Auraria neighborhood "doomed," predicted 1975 campus impact study

Strange things happen when you poke around the "Ghosts of Auraria," as we did in this week's feature on whether certain promises, supposedly made to the community when the college campus was built, were ever kept. This week, one alert reader presented us with a rare copy of a study generated 38 years ago that deals with some of the same issues as our article.

About three years ago, while rooting through a pile of junk destined for the trash at a local thrift store, app developer Bryan Brodie came across a briefcase stuffed with papers that had evidently been salvaged from an abandoned storage locker. Brodie paid a buck for the case and its contents, which included some architectural photos and drawings from Denver in the 1970s -- and a battered three-ring binder containing a lengthy study, "The Environmental Impact of the Auraria Higher Education Center on the Near West Side of Denver, Colorado."

westside neighborhood zoning.jpg
A zoning graphic from the report.
The study has four authors, was done under the auspices of Dan Schler and John Prosser -- two University of Colorado at Denver professors of the time -- and may have been a graduate thesis project of some kind. It's not what we would call today an environmental impact study, but it does present detailed statistical analyses and projections of how the Auraria campus, still under construction at the time, was expected to impact the Lincoln Park neighborhood south of Colfax -- and explores options of what could be done to soften the blow.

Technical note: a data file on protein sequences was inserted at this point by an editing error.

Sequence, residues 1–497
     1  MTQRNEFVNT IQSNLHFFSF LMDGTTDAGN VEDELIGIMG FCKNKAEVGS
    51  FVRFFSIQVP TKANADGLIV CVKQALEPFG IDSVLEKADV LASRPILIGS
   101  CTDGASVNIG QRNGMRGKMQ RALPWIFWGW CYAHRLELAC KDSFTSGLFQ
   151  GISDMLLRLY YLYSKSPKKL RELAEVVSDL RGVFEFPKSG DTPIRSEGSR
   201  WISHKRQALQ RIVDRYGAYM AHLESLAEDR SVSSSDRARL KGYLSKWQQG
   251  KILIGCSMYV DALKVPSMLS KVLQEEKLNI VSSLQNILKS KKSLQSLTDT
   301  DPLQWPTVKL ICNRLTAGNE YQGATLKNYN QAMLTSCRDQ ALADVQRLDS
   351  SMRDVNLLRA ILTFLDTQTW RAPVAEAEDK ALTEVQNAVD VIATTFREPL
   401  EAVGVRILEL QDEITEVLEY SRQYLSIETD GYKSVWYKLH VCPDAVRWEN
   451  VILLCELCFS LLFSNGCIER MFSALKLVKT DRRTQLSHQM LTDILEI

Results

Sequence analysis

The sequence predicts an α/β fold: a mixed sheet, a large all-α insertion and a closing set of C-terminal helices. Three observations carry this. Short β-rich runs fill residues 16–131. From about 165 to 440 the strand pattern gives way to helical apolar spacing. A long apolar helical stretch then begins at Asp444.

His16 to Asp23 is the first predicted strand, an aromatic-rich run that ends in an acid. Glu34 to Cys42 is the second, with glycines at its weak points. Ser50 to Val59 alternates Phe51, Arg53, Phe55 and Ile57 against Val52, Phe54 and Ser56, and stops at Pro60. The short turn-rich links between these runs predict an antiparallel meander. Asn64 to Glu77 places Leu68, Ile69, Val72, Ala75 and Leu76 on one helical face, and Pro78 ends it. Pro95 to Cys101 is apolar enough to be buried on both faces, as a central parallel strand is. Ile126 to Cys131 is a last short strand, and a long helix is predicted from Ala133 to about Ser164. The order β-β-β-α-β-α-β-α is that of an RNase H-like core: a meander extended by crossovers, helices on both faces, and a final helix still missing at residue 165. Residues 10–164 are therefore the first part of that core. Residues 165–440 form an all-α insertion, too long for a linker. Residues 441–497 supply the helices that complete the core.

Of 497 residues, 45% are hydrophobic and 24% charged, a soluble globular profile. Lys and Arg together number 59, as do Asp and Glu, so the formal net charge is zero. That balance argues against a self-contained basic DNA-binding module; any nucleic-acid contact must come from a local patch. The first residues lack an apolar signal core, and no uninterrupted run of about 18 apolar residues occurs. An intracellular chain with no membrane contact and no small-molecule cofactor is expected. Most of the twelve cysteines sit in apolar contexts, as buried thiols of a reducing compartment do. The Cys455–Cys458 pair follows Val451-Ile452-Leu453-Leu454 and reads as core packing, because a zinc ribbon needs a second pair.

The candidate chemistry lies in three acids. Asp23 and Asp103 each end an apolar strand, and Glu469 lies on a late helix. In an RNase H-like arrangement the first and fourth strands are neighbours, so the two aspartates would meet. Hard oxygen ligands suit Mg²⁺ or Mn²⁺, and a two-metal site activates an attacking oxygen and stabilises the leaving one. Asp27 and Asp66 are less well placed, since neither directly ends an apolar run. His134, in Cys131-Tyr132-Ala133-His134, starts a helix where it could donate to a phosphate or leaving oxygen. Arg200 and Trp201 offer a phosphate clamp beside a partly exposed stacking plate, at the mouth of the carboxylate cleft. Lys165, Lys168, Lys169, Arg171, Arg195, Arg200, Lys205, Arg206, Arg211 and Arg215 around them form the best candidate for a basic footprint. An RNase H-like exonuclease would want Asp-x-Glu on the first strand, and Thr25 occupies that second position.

"The history of the Auraria area is fascinating, and really provides a window into a long-lost part of Denver's history and society," says Brodie, who wants to see the document turned over to a library special collection or archive. "The people there had little political power and the urban renewal bulldozer ran roughshod over their little community."

Indeed. The study is very much an artifact of its time, fretting over the political tensions and community divisions that had been exacerbated by the decision to obliterate a largely Hispanic neighborhood north of Colfax to build a new home for Metropolitan State College, the Community College of Denver and UCD. Many of the displaced residents moved into Lincoln Park -- which had its own worries about how the campus would affect parking, rents and the stability of the area.

The study's authors begin by pointing out that, six years after the redevelopment process got underway, there was still no Lincoln Park representative on the Auraria Higher Education Center board: "If this lack of concern is an indication of how AHEC will relate to the community, it represents a pure fraud on the taxpayers."

Continue for more about the Auraria neighborhood circa 1975, including a study excerpt.

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